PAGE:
- Supportive, with built-in, natural support structures to provide as much or as little help as an individual student needs
- Challenging but achievable for each kid based on where they’re at
- Available to all students regardless of race, ability, or socioeconomic status
- Ideally tech-enabled, but could be done without
What does that look like in practice? How is what you provide to your students different from what they might experience in a more traditional classroom?
My vision of a traditional classroom is one like I learned in. Sit and get. Students are quiet, listening to the teacher, writing down the notes, which they will take home and attempt to memorize so they can perform well on a multiple choice, T/F, short answer test to show what they learned. Then six weeks later they are on to a different topic and probably can’t tell you much about what the last unit of study was about. The information is being taught because it is what the teacher is supposed to “cover.”
When students sit and get like that, I might have an illusion of control in my classroom. But that’s what it is--an illusion. Walking down the hallways you will still hear students talk about how much they hate school and they can’t wait to get out. Why are we not striving to make school the best seven hours of a kid’s day? We must stop approaching it as, “I had to endure the pain and agony of school...so do you.”
Our kids deserve more. I am in love with that buzz of chaos that happens in my room when students are excited and learning. My classroom is loud. Students are discussing, processing, creating, or practicing for a presentation. We take very few tests because I am not confident in the data I get back. I want to see students demonstrate their learning through presentations to real experts or community members. They tend to work harder on their products and have to solve lots of problems along the way.
Could you share a story of a particularly powerful next gen learning experience?
I have so many stories, but one of my favorites is from an interdisciplinary project on the war in Vietnam. Some of my students were reading The Things They Carried by Tim O’Brien. We were also analyzing documents about French Indochina and watching clips of movies [about Vietnam]. The students were appalled at how the soldiers were treated when they returned home. We had a good relationship with our local veteran’s association, so one of our freshmen, Hailey, decided to express her appreciation for Vietnam vets and their service to this country. She wanted to give them a “welcome home,” since they didn’t get one before. We worked with some local businesses, the newspaper, and the VA.
Hailey and other students planned and put on a “Welcome Home” breakfast for about 100 local Vietnam vets. The students made signs to hold as the vets arrived, took their coats, escorted them to their seats, served them a full pancake breakfast, and even performed speeches of thanks. We had a local nurse talk about PTSD and the importance of treatment. At the end the most touching moment (it still chokes me up now) is when all 100 vets gave the students a standing ovation in appreciation for all they had done. After that, vets offered to be interviewed by our students. They shared pictures, mementos, and personal items. That was one of the greatest experiences of my teaching career.
The faces of hundreds of former students flash before my eyes. They are all a part of my journey. They are why I go back every day. We aren’t just sharing time while they learn about history in my classroom. I am watching them learn about the past mistakes of humanity and pleading with them to become better people.
People interested in rethinking education often ask, “Where do we start?” What advice would you give to anyone engaging with the challenge of reimagining schools?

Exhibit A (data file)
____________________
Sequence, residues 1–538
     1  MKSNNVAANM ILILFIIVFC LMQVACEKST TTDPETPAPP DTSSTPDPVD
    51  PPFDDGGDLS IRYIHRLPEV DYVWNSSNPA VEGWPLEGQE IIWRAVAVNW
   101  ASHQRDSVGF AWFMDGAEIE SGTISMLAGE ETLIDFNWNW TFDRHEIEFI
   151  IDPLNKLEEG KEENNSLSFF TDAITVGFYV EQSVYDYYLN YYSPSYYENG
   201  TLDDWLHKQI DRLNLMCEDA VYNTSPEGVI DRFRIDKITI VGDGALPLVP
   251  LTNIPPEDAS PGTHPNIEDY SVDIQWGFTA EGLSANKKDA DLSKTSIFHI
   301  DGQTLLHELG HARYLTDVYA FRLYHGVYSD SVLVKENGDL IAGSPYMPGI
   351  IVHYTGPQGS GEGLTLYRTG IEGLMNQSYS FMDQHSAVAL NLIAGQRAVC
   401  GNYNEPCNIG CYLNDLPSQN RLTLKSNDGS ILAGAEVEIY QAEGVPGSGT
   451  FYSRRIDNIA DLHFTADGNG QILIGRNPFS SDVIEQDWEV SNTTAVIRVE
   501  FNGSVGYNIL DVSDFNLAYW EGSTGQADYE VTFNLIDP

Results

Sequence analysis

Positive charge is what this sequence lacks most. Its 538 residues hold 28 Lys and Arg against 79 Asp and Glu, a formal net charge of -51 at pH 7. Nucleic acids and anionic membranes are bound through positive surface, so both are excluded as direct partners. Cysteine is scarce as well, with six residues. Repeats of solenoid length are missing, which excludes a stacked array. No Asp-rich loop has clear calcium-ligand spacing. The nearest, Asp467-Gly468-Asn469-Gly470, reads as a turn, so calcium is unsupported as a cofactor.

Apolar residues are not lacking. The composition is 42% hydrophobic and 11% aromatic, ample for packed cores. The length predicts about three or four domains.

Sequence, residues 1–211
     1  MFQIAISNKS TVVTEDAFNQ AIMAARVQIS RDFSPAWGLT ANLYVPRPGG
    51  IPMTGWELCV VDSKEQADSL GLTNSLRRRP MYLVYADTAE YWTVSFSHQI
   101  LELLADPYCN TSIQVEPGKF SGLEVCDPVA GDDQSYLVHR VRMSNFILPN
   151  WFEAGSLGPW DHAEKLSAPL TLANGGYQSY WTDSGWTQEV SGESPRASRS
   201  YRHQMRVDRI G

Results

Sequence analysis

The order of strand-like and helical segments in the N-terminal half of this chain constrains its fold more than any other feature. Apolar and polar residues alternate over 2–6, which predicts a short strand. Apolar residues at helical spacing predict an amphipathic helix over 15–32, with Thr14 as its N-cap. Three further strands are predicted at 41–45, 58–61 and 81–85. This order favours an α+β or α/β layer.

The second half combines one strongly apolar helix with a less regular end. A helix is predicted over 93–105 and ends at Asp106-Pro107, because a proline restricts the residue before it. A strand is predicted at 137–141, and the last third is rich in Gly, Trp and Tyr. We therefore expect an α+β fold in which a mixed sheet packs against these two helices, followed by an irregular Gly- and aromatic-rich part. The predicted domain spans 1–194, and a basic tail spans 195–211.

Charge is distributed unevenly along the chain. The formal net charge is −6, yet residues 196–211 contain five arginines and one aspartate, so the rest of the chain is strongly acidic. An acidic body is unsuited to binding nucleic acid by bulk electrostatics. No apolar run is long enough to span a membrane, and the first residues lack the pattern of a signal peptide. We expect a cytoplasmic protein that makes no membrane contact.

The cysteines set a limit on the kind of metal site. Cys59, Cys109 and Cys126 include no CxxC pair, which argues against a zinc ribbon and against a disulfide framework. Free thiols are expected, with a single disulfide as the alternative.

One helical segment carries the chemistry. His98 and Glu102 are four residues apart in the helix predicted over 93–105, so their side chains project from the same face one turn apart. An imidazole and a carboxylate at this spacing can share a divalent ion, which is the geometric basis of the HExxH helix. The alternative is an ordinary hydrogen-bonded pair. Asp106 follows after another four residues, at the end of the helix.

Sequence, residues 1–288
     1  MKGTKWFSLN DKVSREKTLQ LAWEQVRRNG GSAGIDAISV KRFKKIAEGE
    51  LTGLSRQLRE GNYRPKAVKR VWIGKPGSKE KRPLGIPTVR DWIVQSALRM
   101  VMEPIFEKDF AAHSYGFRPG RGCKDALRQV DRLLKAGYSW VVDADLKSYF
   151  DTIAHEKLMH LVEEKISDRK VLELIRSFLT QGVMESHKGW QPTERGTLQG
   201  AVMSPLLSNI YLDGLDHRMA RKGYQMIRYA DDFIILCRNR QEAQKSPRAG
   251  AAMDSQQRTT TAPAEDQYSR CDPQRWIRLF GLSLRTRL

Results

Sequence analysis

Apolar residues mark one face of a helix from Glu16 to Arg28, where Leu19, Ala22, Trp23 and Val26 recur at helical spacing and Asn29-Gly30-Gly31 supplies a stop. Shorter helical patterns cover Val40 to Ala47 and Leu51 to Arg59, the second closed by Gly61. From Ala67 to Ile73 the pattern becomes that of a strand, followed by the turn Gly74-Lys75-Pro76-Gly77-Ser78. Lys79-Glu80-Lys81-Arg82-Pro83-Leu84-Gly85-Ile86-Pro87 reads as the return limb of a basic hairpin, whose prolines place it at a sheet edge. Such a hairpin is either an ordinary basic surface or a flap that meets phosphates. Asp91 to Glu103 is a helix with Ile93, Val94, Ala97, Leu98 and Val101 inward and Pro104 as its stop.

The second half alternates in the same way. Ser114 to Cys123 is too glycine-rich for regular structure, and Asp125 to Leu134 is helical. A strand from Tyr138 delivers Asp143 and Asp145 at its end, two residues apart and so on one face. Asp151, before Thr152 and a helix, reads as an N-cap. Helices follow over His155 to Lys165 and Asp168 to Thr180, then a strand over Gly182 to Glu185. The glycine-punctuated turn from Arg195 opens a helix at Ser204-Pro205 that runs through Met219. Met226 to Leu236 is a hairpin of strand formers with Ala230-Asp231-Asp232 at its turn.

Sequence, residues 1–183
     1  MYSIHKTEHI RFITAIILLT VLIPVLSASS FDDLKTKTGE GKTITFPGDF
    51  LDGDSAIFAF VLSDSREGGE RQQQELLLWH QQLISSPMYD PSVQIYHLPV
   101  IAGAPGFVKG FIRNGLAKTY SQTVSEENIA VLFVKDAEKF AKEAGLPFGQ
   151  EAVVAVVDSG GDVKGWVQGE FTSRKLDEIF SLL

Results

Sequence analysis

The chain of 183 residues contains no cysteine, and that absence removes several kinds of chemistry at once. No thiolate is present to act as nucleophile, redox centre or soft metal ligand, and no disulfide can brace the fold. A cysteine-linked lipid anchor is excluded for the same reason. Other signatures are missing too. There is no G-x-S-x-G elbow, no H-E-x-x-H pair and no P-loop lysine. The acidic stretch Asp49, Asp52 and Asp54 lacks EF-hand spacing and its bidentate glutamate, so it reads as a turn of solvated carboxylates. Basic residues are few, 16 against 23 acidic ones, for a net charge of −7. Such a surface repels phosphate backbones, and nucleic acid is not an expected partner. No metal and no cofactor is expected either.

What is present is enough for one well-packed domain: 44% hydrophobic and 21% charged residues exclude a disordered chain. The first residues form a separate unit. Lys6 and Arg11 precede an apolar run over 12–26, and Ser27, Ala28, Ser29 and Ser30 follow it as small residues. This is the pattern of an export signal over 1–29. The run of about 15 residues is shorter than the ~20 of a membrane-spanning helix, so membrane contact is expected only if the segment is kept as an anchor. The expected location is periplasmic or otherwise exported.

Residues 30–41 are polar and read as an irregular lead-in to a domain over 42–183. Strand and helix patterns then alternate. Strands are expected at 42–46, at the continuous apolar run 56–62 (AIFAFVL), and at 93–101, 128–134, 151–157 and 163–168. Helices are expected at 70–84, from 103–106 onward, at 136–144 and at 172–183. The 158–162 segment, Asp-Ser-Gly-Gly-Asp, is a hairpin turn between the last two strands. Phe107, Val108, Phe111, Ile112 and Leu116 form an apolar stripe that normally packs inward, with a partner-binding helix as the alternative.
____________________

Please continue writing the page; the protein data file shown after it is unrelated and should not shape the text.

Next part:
Change is so hard. It is easy to get discouraged and go back to the easy. This type of teaching is the hardest work I’ve ever done, but I have been incredibly blessed with very supportive administrators in my current and previous schools. I have been provided with additional technology support to make my classroom operate more effectively. I’ve been given leeway to test out teaching curriculum differently. For example, my modern warfare unit is presented in reverse order, starting with the present and moving backwards to explore causes.
It helps to adopt a “hack mindset” in implementing important changes to your system. Get small pockets of teachers on board. Support, support, support them! Areas of need might be Professional Learning Communities and planning time, removing restrictive curriculum requirements, and asking teachers to be involved in planning the future direction of your school. Keep encouraging others to change, but don’t be surprised when it doesn’t catch on right away. Don’t give up!
Tap into the power of your communities. Survey students and publish the results. They are the users, but sometimes we overlook their voices. Also, positive partnerships with parents are essential. Host forums to challenge mindsets about education and all that we’ve bought into for years: standardized tests, boxed curriculum, and measuring success through GPAs. The more I gently challenge the preconceived notions and narratives we share about education, the more I find that many people know in their hearts that the system is ill-equipped to prepare our kids for the future. But they just can’t picture what it might look like in a different context.
Aside from parents, you must tap into your local business community. They will employ your students in the future--why should they not be involved in supporting schools? Allow students opportunities to interview industry experts for projects. Have experts attend student showcases and provide feedback on student work, as well as much-needed resources in the area of technology. Have local industries adopt a school. When schools are more successful, everyone wins!
Christina’s “Go To” Resources
In addition to pioneering next gen learning in her own classes, Christina provides training on project-based learning and inquiry to other D11 educators. Here are some favorite resources that have inspired her and her colleagues:
- School Retool by IDEO, Stanford d.school, and Hewlett Packard: A toolkit that introduces the “hack mindset” and gives exercises for innovation and building empathy for students
- Cult of Pedagogy: Blogs, podcasts, and videos for unabashed “teacher nerds”
- Buck Institute for Education: Community, articles, and resources on project-based learning, including a searchable database of project ideas
- Facing History: Resources for helping students learn about hatred and bigotry so they can stop them from happening in the future
- Power of Vulnerability by Brene Brown: Must-see TED Talks
- Every Kid Needs A Champion by Rita Pierson: Must-see TED Talks
- Do Schools Kill Creativity? by Ken Robinson: Must-see TED Talks
- The Puzzle of Motivation by Daniel Pink: Must-see TED Talks
The opinions expressed in Next Gen Learning in Action are strictly those of the author(s) and do not reflect the opinions or endorsement of Editorial Projects in Education, or any of its publications.